Betsy Housten



The first thing I understand about my body is it's wrong.
My bladder's jacked, urine in retrograde, flowing back
toward my kidneys. I'm five. I get turned around easily too,
panic in restrooms and parks: fear of being left behind,

for no reason anyone can tell. Born jaundiced, yellow skin
like raw chicken at the Laneco. Mom runs ice baths
to calm the hallucinations I can't remember. What I know
is the surgeon lets me gurney into the operating room

with my Cabbage Patch Kid – impossibly blonde, never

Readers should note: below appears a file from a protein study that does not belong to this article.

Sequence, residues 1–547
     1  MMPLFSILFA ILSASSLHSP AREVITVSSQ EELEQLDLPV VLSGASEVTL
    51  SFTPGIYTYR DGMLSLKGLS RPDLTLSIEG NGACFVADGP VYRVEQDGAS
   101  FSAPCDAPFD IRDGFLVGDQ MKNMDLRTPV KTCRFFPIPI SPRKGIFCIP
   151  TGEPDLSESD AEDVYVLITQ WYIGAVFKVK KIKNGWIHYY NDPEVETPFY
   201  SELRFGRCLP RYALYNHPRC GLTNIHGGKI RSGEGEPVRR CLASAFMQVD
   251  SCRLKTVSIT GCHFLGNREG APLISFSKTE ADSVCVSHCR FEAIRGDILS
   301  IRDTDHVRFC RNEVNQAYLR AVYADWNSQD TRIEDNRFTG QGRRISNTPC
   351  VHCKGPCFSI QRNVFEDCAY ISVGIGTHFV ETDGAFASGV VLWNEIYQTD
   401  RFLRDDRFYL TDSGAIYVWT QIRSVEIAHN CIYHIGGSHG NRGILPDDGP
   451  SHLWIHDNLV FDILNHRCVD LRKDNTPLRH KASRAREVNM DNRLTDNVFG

not smiling – lets me think she's there the whole time,
watching as he carves the skin below my belly to rearrange
the deepest parts of me. In a few years the scar will fade

to just a subtle inch or two. Barely noticeable in a bikini!
This the doctor tells me several times afterward, winking
over his desk at my young toxic self. That's the day
it begins for me: girl as weapon, glistening, sharpened.


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